Monday, January 13, 2014

Montessori vs Better Late than Early

I really like how the author of this post really gets down to the fundamental of Montessori: providing the rich environment and showing the "why"
Another post of the same author's - equally balanced:

To emphasize her points in Montessori terms - that rich environment is one which provides the "keys". We don't "worry" about mastery of math facts or of reading by a certain age - but we do utilize those natural ebbs and flows within a child's development to provide corresponding sets of keys, such that the child can take them in most deeply at certain times in life --- then USE them when he, the individual, is ready to do so.

So we provide the keys to reading and writing and mathematics (among others) - during a time when the child is particularly attuned to absorbing certain information (sensitive periods) -- and then the child can "read" or "have those facts memorized" when it works for him.

This is very different from those who are strong proponents of "Better Late than Early" who see Montessori only as an "Enforced Early Academics".

Montessori is about rich environment, sensory exploration, feeding a child's interests --- providing keys for the fun of learning. REAL life experiences above all else.

The academics come naturally and without fight or harm, when the keys are in place - and on a child's own timing.


  1. This is kind of what I needed to hear. Thank you. At the same time it kind of makes me a bit conflicted that the rules in our state about homeschooling just don't let us flow with the child. Ahh, but to find the balance in it all.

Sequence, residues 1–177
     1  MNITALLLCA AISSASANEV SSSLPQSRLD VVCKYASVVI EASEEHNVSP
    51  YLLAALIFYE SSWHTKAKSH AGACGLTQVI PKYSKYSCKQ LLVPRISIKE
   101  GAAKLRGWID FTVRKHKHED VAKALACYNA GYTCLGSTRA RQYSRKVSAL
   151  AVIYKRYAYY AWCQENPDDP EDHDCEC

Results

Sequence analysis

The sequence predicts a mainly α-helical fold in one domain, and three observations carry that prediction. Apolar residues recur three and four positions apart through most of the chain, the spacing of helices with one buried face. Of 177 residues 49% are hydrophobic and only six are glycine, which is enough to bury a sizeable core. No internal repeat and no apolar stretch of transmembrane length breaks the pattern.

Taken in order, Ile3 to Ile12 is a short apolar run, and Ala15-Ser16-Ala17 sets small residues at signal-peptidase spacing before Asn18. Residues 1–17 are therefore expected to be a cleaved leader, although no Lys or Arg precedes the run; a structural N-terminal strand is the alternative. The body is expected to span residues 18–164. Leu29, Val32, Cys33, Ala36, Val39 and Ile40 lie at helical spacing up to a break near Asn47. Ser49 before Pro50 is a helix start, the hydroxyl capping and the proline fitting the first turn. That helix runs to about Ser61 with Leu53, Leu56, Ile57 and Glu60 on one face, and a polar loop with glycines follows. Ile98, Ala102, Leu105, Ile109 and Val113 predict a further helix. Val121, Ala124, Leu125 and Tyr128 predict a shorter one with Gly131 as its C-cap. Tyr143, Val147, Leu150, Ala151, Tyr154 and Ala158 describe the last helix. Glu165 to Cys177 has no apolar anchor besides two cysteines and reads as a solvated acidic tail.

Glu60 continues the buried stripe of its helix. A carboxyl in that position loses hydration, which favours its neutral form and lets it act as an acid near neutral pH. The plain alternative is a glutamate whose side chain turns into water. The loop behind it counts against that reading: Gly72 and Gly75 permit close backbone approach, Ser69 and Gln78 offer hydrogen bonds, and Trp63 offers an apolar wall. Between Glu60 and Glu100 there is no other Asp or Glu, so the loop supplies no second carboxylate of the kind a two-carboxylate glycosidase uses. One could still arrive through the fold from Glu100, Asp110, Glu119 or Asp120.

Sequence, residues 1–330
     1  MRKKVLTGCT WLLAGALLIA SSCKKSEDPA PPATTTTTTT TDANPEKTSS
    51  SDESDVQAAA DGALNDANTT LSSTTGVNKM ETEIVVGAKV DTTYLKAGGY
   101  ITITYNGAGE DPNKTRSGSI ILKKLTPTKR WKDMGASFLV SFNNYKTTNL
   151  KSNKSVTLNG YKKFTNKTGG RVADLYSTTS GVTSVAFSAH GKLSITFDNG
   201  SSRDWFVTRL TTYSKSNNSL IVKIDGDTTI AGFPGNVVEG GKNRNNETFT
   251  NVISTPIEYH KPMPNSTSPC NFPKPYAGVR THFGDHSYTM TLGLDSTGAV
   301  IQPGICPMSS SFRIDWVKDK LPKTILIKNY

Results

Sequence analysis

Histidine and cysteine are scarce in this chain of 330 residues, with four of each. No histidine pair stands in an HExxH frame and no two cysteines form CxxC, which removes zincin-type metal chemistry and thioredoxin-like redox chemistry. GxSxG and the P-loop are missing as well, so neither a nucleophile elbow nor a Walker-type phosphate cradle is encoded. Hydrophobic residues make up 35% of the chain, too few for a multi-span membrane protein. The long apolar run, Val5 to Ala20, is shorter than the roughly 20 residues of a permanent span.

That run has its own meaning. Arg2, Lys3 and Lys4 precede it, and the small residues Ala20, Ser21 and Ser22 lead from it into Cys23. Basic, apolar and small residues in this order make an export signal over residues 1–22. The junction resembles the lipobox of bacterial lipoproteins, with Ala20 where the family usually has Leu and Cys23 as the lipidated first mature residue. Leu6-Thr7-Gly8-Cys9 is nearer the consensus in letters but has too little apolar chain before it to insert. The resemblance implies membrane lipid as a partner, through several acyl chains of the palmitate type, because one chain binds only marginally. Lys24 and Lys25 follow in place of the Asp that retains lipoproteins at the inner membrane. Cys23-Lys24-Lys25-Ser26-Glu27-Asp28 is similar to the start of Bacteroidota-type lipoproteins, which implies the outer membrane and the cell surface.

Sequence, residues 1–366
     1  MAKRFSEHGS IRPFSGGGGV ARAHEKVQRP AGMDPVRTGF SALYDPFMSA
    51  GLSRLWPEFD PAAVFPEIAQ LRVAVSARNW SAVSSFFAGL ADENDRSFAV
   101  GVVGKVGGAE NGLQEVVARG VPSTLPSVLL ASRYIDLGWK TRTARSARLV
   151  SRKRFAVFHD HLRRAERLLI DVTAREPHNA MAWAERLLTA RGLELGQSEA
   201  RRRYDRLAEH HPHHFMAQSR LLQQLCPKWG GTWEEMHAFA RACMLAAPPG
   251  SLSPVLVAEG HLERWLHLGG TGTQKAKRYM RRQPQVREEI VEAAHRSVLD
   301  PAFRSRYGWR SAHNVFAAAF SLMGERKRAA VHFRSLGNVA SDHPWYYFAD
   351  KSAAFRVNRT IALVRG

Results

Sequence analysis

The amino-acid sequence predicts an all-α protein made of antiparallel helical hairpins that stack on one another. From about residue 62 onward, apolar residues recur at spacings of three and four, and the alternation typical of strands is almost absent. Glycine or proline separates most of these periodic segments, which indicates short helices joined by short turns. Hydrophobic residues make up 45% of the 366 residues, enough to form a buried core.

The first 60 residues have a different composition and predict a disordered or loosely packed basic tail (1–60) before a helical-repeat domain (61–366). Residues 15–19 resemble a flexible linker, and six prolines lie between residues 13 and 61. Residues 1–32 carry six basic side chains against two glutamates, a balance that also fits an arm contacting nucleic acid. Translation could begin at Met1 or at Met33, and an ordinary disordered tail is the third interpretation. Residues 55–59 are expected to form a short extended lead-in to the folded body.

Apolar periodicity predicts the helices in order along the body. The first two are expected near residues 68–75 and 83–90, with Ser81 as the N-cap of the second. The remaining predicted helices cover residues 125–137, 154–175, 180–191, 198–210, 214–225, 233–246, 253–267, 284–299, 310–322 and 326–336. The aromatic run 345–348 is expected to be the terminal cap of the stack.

1. Abbie! I just saw your comment! Sorry I missed it!

      I wish the state rules could be consistent with Montessori! Montessori uses 3rd and 6th grades for the child to check those state standards and take responsibility for assuring understanding of that vocabulary, any "missed" concepts, etc. (not that they're missed - but for the goal of having a shared vocabulary with the public school students) --- I wish the public schools would do the same and provide "here is what we anticipate by 3rd grade" and "here is what we anticipate BY 6th grade" - before common core (bleck), no curriculum met every state standard anyway - so there was always variance based on the children, local needs, etc. Perfect system? Nope. Common Core will make it worse. But that is another topic ALtogether ;)